Well this is certainly different for me. Yes, I’d heard of Pure Reason Revolution but somehow never actually listened to their modern day take on Progressive Rock. I know that they are well regarded in certain circles and they have quite a history. Several albums, a split and, more recently, a return to action, albeit in an altered form and with a slightly different line up, so this was new territory for me. I admit it did take me a while to get to a place of understanding with this album but, as always, continued listening finally gave way to understanding and then to acceptance and admiration even.
Well this is my review of this their fourth album, ‘Eupnea’, their first since 2010. It is pretty topical in content in that it speaks of the experiences of Jon Courtney and his wife surrounding the birth of their baby girl, Jessie. Born prematurely at 32 weeks and weighing just 3lbs, this album records her battle for survival, which thankfully she won.
It is Jon’s tribute to his wife and daughter Jessie and has this theme woven throughout the tracks, which really helps you understand the music properly once you are aware of its back story.
‘Eupnea’ consists of just Six tracks of varying length ranging from over four minutes to the epic title track that is nearly fourteen minutes in length. That said, there are no wasted moments on these tracks as everything is of relevance and worthy of their place. Let’s have a look at this in a bit more detail.
The music opens with New Obsession which includes the sounds of hospital apparatus monitoring heartbeat, pulse and breathing. This sets the scene for much of what is to follow; great vocal harmonies from Jon and Chloe Alper and some furious guitar work from Jon that really rocks out with a wonderful melodic solo at the 3.55-minute point. It really delivers a punch, along with that fabulous chorus of “It’s you, a child, a lover you’re dead calm and the choir is so soft tonight”. Very emotional, heartfelt and a simply fabulous opener.
This is followed by the first of the longer tracks, Silent Genesis, with its atmospheric keyboards and samples. A Pink Floyd type guitar line from Jon and an insistent bass line that works to anchor everything together. This track also features original PRR guitarist Greg Jong who was bought in to create this powerful emotional feeling.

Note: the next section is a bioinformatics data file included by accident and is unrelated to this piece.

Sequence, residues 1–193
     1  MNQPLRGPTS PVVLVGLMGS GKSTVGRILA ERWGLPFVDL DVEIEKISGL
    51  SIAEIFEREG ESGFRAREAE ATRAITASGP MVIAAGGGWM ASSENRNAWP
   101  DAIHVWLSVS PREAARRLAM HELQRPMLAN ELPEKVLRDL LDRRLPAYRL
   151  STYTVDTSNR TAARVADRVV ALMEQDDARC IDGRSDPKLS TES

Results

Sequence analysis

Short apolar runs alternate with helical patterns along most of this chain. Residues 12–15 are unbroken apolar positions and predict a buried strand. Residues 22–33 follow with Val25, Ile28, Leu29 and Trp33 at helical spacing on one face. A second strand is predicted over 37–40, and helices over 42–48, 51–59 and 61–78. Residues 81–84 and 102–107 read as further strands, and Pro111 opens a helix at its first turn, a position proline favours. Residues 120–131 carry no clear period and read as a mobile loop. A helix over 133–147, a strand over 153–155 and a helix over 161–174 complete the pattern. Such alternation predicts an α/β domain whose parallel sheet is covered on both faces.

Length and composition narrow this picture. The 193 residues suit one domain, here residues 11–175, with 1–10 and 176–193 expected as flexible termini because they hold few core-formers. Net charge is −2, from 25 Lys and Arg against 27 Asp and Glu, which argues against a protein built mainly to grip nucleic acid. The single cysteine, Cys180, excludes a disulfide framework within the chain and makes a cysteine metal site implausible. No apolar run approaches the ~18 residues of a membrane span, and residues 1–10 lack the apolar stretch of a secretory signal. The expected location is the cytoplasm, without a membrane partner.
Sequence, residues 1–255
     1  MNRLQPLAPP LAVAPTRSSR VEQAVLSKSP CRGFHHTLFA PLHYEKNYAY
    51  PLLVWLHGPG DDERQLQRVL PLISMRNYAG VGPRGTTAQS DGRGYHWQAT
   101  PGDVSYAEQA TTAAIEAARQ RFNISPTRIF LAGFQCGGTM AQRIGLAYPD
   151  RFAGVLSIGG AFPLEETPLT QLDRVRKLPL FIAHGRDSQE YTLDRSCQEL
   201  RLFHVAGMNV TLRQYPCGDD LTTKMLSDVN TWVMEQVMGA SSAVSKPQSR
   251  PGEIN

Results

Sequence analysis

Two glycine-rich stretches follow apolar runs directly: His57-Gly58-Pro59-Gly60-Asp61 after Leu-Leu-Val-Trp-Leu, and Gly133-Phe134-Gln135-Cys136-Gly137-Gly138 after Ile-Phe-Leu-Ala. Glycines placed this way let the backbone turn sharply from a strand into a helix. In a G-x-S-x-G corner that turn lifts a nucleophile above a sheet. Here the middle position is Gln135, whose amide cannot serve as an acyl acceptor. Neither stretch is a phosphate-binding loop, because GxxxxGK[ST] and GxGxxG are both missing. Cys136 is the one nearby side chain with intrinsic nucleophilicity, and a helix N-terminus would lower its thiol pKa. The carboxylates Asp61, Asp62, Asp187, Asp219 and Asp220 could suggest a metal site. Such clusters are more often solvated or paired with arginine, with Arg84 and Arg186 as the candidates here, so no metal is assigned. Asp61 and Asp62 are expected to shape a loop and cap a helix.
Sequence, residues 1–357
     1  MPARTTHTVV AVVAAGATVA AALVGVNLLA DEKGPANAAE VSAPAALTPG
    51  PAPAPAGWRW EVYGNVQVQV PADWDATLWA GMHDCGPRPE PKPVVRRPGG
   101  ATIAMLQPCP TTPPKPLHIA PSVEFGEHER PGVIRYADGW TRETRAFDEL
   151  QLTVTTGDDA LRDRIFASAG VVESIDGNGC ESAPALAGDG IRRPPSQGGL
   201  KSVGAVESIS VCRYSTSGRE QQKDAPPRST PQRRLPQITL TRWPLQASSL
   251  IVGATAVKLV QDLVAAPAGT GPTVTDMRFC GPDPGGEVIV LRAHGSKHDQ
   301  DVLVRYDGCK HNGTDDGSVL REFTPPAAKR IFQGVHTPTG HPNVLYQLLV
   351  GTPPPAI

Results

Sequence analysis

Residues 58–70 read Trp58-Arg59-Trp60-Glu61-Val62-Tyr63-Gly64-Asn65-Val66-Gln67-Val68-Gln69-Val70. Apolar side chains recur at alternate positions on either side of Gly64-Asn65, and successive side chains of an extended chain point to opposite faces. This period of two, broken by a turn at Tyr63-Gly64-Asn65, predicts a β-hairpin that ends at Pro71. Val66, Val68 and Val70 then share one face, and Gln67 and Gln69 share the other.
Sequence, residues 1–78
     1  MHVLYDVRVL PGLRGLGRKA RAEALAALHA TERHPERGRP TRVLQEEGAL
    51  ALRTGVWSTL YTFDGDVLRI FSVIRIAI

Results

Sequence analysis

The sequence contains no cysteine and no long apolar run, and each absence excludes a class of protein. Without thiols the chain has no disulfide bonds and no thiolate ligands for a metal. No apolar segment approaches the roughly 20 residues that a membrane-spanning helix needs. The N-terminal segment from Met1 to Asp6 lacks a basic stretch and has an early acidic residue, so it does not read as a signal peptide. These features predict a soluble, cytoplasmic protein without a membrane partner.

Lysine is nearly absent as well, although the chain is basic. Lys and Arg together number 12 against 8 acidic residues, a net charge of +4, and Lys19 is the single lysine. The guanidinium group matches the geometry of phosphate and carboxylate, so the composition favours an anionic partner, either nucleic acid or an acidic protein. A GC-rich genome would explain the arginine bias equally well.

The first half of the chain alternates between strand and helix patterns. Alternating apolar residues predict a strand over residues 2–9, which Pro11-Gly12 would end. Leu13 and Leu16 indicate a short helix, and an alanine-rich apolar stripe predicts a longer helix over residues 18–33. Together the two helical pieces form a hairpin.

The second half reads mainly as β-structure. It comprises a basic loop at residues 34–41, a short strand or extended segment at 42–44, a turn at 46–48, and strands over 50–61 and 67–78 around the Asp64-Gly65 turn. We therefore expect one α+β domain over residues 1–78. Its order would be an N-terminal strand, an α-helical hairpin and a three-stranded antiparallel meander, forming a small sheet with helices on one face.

Third track Maelstrom is so called because it marked the turning point in Jessie’s struggle for life when she began steadily breathing and her parents’ anxieties were lifted. This is a song of hope that the storm has started to pass over, deeply significant and with Jon and his wife being very grateful for this positive change, an end to the uncertainty. Again, this song has more wonderful harmonies from Jon and Chloe.
Ghosts and Typhoons follows and at over 8 minutes fits between the shorter and longer pieces like a bridge. It has blistering drum patterns to it and raucous guitar throughout, featuring lovely vocals from Chloe alongside some fine support from Jon resulting in more great harmonies. This is quite a powerfully propelled piece that shows PRR’s strengths and imagination at play.
Beyond Our Bodies is a celebratory song about the fragility of life and the body’s ability to overcome incredible difficulties and to come through the other side. This is another compelling song.
Which leads us to the title track and longest song, Eupnea, which is about normal unlaboured or quiet breathing, without volition. This is a song that brings everything together in a 13 odd minute piece of contrasts, in which heavy passages sit next to lighter more gentle ones in a juxtaposition of light and shade that accentuate the emotional roller coaster that this music takes you through.
This entire album is certainly a very moving journey, and one that I urge you to join, partly as at the time of writing this review the world is struggling to cope with the Covid 19 (Coronavirus). This album follows a different scenario with, thankfully, a positive outcome.
A simply marvellous album that will be on many ‘best of’ 2020 lists I’m sure. A fine album indeed, very emotionally raw, it rocks hard too.
If, like me, you are unaware of the music of Pure Reason Revolution, then this album is a fine introduction and will hopefully whet your appetite to discover more from this fine outfit. Jon and Chloe have produced an album of depth and intelligence here that really deserves to be widely heard. Highly recommended indeed.
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